TVNewser's Chris Ariens reported on Wednesday that Luke Russert will be leaving NBC News, as of Friday. Ariens quoted from a statement by NBC Washington bureau chief Ken Strickland, who labeled the journalist "our dogged Capitol Hill correspondent." However, Russert made it clear from the very start of his career at the Big Three network that he had a liberal slant. Most recently, he gushed over the pro-gun control sit-in by congressional Democrats inside the House chamber in June 2016.
Matthew Balan has been a news analyst at Media Research Center since February 2007. Previously, he worked for the Heritage Foundation from 2003 until 2006, and for Human Life International in 2006. He graduated from the University of Delaware with a bachelor's in political science and history.
On Tuesday's CNN Tonight, Mark Preston touted President Obama's supposed ability to bring people together in the wake of the mass murder of the police officers in Dallas: "He is uniquely qualified right now...to create a legacy for himself...He is uniquely positioned, given the fact of where he came from...the history that he made; and his ability to bring people together." Preston also predicted, "This could be quite a moment for Barack Obama; and, honestly, probably a moment that this nation needs."
On Tuesday's CNN Newsroom, Douglas Brinkley predictably gushed over President Obama's speech at a memorial service for the murdered police officers in Dallas, Texas: "I heard echoes of Martin Luther King, Jr. and Abraham Lincoln. It was elegantly written. It pulled on scripture at the right times." Brinkley also touted the "high caliber" of the address, and likened it to President Reagan's Oval Office address after the Challenger disaster and President Clinton's speech after the Oklahoma City bombing.
Rapper Chuck D of the 80s group Public Enemy ranted against the police on CNN's New Day on Tuesday. When Chris Cuomo played up how "you have a lot more diversity in the police force," the guest wildly claimed that "when it comes down to enforcement...people feel like it's still a slave patrol." He also likened the Black Lives Movement to the anti-Vietnam War protests: "People feel is that Black Lives Matter is this violent movement. It's not what it is. It's a movement against the violence....almost like in the '60s, when you had people protesting against Vietnam."
Democratic Rep. Corrine Brown was indicted on 24 federal charges on Friday related to a "fraudulent education charity," as CNN.com put it on Friday. However, viewers of CNN's on-air coverage, as well as those who watch MSNBC and the Big Three networks' morning and evening newscasts, would know nothing of this indictment, as these TV outlets have yet to cover it, as of Monday morning.
The Big Three networks' evening newscasts on Friday each treated Hillary Clinton different with regard to the FBI closing their investigation into her e-mail scandal. ABC's David Muir didn't mention the subject at all on World News Tonight. On NBC Nightly News, Lester Holt placed the onus on FBI Director James Comey, instead of Mrs. Clinton, on the issue: "Did he get it right; and if not, where did he get it wrong?" Scott Pelley gave a slightly tougher interview of the presumptive Democratic presidential nominee on CBS Evening News.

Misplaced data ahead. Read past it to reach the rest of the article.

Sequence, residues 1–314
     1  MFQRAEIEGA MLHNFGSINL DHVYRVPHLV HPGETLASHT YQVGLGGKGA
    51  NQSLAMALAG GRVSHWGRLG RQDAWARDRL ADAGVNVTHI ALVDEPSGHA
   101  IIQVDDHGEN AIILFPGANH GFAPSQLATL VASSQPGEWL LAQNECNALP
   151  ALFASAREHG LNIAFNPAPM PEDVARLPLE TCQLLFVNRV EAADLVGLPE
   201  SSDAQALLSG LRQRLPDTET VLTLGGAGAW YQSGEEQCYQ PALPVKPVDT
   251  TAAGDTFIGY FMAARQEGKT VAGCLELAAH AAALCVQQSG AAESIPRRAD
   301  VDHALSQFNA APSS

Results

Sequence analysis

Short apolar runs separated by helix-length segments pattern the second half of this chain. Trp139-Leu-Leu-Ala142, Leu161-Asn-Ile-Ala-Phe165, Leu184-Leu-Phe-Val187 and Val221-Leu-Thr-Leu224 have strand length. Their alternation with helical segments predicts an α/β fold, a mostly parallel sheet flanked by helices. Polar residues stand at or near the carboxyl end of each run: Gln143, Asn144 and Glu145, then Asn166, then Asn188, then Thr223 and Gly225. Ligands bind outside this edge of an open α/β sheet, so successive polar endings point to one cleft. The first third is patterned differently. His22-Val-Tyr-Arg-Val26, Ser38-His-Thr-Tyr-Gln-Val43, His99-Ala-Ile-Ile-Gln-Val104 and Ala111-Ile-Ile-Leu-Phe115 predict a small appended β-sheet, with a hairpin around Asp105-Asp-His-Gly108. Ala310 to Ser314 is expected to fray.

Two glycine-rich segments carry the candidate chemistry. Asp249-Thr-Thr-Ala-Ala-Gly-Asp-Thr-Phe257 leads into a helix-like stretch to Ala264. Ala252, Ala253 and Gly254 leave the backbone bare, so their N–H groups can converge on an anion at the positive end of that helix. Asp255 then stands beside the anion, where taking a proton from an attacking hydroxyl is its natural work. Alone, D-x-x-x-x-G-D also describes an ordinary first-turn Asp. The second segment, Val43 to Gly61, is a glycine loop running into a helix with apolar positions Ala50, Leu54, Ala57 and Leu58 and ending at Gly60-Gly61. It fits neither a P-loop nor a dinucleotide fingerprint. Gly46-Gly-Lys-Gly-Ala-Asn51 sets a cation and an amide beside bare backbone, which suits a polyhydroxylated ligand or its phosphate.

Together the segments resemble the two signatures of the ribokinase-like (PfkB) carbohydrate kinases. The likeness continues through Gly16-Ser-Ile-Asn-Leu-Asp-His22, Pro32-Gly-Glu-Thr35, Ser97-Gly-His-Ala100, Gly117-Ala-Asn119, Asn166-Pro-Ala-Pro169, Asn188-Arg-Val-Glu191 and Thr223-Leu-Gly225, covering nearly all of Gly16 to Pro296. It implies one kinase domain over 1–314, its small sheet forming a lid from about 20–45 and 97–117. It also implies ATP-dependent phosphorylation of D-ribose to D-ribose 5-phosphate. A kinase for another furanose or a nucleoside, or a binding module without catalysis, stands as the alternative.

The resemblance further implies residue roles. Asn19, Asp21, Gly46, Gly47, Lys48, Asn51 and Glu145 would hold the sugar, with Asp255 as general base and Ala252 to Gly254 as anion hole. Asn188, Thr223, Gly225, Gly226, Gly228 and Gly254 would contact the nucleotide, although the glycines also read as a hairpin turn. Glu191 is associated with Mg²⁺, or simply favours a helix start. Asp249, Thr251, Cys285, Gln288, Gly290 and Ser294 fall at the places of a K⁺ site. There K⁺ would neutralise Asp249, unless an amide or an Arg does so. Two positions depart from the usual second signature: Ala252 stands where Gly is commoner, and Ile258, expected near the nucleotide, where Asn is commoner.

CNN's Wolf Blitzer refreshingly pursued Hillary Clinton on Friday's The Lead over her e-mail scandal. Blitzer twice quoted from FBI Director James Comey: "You acted — in his words...in an 'extremely careless' way in handling classified, sensitive information. Do you acknowledge you were extremely careless?" He later asked, "He said someone in your position as secretary of state should have known better...should you have known better?" Mrs. Clinton stuck by her old talking points on the controversy, despite the fact that the FBI investigation's findings discredited them.
On Thursday afternoon, Politico's Matt Dixon reported that "Florida Rep. Corrine Brown has been indicted and will be appear in federal court in Jacksonville on Friday." Dixon cited a report from First Coast News, a news outlet in Jacksonville that owns local ABC and NBC affiliates. He noted that "Brown, a Democrat, was facing a Department of Justice Investigation related to 'fraudulent activities,' and whether or not she improperly solicited charitable donations and misused campaign funds." The Big Three networks' evening newscasts on Thursday failed to cover the representative's indictment.
ABC's World News Tonight stood out as the only Big Three evening newscast on Thursday to cover the revelation that a Russian police officer physically attacked an American diplomat as he entered the U.S. embassy in Moscow. Martha Raddatz spotlighted the "really astonishing" incident, where "the diplomat was assaulted the second he went up the steps; and then, had to fight and struggle to get himself inside to safety." She also pointed out the context of the recent "ear-shattering close encounters between Russian jets and U.S. warships."